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Trying to catch up to GE in the U.S. turbine market as power companies are demanding that their manufacturers link high power capacity with high efficiency, Siemens recently delivered a third 637,000-pound unit to a power plant in Florida. Siemens has agreed to pay $7.6 billion, including an assumption of debt, for Houston’s Dresser-Rand, a firm that makes such turbines.
The gas turbine Siemens sent to the Florida Power & Light Co.’s plant in Port Everglades, Fla., has a capacity of 286 MW, one of which could power 500 Texas homes under normal conditions. However, Siemens isn’t touting its turbine’s capacity as much as its advances in thermodynamics, aerodynamics, and cooling technologies that allow the units to operate safely at higher temperatures.
Siemens’ 319-ton delivery follows GE’s news in September that it would build four of the so-called H-class gas turbines for two power plants in Texas. The units’ firing temperatures can get 200 degrees hotter than an erupting volcano. The price tag for all four: $500 million. FPL already has two of Siemens’ H-class gas turbines and a steam turbine. H-class turbines, as the name suggests, emerged after the G-class turbines, and followed a long line of models going back to the 1960s.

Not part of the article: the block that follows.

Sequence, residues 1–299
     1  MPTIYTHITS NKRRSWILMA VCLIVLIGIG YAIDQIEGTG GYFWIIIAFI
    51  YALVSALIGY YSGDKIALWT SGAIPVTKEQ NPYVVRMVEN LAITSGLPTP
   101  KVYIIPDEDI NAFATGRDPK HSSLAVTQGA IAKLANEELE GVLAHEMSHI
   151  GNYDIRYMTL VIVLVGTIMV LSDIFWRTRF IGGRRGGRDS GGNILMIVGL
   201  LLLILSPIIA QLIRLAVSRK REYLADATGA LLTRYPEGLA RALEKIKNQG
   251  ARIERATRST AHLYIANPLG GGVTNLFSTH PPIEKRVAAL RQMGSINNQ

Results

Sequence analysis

Siemens said the new plant would generate $400 million in savings for its customers and $20 million in tax revenues for local governments over its 30-year lifespan. Much of that is because the turbines give more for less. “The challenge is that as every unit evolves, typically you have to go to higher temperatures for more power,” said John Wilson, Siemen’s vice president of product sales in the Americas. “The trick is to do it safely.”
FPL expects the $1.2 billion plant to come online in 2016, a few years after demolishing a 1960s-era power plant and starting to build a replacement. The massive turbine, the ninth that Siemens has built for use in the United States, arrived at the plant in Florida on Monday, after a trip by rail in North Carolina and then by barge to Florida.